# Thread: temp from light lumiance

1. Hi,

Is it possible to calculate the temperature from light lumiance?

There are some hard tasks in this like temperature may b low even though light lumiance is more (due to ac) or in some cases temperature may be more than light lumiance.

Is there a generalized and perfect way to find temp from light lumiance?

(I only have light lumiance and no more device. I want to calculate temp from light lumiance only)

2.

3. Can you clarify?
If you set a thermometer under the light... the reading will indicate how much the light heated it at that distance and so on.

4. No. I only have light lumiance and no more device. can we calculate temp from it?

5. Do you mean luminance?
I don't know how you can measure it without a measurement device.

6. I can find lumiance from android sensors. temp calculating devices can only find temp of battery and not surroundings. Light sensor can sense lumiance. I want to get the actual temp of surrounding from light lumiance.

7. Originally Posted by saurabhshelar
I can find lumiance from android sensors. temp calculating devices can only find temp of battery and not surroundings. Light sensor can sense lumiance. I want to get the actual temp of surrounding from light lumiance.
Ok, so you do mean luminance.

You're thinking that one form of energy: EM radiation- would exhibit the same properties as another form of energy: Heat.
You want the temperature of light itself.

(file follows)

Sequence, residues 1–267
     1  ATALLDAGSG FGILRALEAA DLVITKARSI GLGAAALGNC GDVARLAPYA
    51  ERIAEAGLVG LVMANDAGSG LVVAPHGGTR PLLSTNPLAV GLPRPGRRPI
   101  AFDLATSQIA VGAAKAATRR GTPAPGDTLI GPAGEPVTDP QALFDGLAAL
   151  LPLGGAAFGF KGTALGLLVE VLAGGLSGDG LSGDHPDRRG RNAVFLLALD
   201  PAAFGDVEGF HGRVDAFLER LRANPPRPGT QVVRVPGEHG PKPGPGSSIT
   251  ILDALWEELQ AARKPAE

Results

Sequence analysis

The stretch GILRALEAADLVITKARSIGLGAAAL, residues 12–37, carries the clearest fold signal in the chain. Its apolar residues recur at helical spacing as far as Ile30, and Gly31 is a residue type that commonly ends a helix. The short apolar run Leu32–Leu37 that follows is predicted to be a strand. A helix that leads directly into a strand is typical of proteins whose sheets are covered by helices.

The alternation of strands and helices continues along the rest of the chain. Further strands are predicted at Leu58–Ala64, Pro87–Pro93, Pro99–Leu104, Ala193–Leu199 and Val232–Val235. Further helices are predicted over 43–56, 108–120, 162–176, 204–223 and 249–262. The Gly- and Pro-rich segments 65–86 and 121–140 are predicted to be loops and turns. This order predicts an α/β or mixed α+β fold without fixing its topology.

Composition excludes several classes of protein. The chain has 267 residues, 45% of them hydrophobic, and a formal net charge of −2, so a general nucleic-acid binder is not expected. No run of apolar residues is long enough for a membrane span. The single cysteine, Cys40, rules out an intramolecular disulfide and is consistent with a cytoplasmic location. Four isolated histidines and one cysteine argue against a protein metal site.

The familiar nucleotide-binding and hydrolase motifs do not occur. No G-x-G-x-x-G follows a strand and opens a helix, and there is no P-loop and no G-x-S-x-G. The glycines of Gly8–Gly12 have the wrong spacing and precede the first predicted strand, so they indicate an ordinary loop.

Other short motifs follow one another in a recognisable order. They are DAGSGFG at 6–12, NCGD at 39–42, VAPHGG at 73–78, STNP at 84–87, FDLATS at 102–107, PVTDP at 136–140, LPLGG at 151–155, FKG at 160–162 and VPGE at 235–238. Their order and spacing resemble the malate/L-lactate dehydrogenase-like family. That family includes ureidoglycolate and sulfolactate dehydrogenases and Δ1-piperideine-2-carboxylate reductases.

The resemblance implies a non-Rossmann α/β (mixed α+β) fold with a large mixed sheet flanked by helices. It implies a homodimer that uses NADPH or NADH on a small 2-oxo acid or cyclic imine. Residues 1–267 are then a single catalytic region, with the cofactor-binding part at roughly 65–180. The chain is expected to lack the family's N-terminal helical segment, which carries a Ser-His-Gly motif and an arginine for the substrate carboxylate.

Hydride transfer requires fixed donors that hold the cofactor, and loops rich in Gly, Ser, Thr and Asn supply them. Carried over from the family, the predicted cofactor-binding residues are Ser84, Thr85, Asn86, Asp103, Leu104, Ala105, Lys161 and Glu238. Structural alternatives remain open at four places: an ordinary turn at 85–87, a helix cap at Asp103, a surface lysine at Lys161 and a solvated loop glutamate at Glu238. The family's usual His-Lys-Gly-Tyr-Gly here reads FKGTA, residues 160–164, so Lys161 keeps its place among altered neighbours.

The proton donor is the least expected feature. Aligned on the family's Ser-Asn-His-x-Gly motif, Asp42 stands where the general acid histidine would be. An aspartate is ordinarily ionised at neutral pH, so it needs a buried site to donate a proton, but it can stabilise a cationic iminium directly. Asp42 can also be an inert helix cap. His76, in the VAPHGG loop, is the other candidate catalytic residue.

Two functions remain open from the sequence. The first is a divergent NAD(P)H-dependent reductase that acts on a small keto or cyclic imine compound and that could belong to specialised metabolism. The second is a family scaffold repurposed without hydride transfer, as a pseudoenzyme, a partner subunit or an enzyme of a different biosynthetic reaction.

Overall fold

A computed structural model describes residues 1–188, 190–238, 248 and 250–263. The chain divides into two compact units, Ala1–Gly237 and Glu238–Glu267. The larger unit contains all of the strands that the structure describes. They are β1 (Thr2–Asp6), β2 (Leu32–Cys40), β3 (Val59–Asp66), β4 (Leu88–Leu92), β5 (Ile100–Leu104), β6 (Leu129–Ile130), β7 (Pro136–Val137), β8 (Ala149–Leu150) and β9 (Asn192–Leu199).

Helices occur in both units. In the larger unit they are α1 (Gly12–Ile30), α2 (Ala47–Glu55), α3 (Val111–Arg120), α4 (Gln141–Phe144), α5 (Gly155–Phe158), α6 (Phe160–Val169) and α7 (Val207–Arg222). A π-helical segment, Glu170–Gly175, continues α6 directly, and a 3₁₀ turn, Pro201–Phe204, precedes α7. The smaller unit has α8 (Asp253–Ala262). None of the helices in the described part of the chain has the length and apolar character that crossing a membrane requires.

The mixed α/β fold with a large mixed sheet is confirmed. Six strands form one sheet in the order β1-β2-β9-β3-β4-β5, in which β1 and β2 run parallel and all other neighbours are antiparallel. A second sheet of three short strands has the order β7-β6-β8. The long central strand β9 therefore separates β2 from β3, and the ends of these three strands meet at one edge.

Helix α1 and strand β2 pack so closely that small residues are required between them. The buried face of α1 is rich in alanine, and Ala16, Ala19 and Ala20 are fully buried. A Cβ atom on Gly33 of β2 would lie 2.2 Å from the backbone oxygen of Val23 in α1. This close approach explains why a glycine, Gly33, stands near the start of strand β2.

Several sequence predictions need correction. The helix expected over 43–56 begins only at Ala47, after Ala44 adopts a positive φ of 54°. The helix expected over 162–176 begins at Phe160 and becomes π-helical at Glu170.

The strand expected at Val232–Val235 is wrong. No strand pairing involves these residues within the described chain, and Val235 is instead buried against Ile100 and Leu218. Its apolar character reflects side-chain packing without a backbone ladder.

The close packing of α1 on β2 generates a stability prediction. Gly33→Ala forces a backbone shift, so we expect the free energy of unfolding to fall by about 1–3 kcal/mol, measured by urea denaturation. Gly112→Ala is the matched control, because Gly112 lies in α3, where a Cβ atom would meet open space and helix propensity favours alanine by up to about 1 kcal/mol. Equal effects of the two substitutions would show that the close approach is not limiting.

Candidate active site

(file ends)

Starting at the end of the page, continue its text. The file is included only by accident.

The EM radiation strikes mass and some of the energy is transformed into heat.

8. is there any method of calculation to get the temp out of it?

9. Originally Posted by saurabhshelar
is there any method of calculation to get the temp out of it?
You are assuming that EM radiation has a temperature of its own because when EM Radiation strikes mass, some of the energy is transformed into heat.
Light can have a temperature in certain situations:
Black-body radiation - Wikipedia, the free encyclopedia
A good example of this is the CMB- Cosmic Microwave Background that we observe as a remnant of the Big Bang event.

Most of the time, emitted light has a spectrum that is different from the equilibrium "blackbody" spectrum. You cannot say that light "has a temperature" in this instance.

10. ahaaa....okkk....so it means that my assumptions to calculate temp from light lumiance is not perfect.

11. Originally Posted by saurabhshelar
ahaaa....okkk....so it means that my assumptions to calculate temp from light lumiance is not perfect.
Not perfect, yes, but not totally off base, either. More importantly, your question is an excellent question and I regret not being knowledgeable enough about it to really help you.
I gave the example of the CBR (Cosmic Background Radiation) above, which demonstrates how important the question is.

12. ya surely...right nw m reading them and thanks for info.

13. Originally Posted by saurabhshelar
ya surely...right nw m reading them and thanks for info.
Saurabhshelar, you cannot determine temperature merely from the amount of light emitted, i.e. luminance.

You need also to know the spectrum of the emitted light, i.e. how much light is emitted at different frequencies. And doing even this requires knowledge of how the emitter of the light is working. For example an incandescent filament will radiate like a "black body" and its temperature can be measured using a pyrometer. However a sodium street lamp emits by excitation of the emission spectrum of sodium vapour. The concept of temperature does not really apply to this type of emitter, since its emission is not due simply to heating it.